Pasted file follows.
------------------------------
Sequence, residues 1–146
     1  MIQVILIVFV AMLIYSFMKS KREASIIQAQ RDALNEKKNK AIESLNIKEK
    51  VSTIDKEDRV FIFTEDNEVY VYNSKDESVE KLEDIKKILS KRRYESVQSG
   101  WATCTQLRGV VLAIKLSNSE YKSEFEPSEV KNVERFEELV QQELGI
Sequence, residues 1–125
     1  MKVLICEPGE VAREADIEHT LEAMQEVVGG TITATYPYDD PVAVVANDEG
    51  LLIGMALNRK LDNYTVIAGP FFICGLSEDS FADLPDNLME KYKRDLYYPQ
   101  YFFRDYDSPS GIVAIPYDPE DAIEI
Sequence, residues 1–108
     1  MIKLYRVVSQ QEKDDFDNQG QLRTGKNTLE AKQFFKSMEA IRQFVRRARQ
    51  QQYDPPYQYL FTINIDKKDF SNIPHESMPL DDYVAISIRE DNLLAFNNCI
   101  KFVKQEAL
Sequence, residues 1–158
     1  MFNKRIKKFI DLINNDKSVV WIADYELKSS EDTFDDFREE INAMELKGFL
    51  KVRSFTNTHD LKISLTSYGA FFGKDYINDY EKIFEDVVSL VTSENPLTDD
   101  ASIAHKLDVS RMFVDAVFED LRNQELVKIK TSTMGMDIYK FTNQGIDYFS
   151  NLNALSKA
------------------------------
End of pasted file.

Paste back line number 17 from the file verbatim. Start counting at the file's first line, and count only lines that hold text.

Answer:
   151  NLNALSKA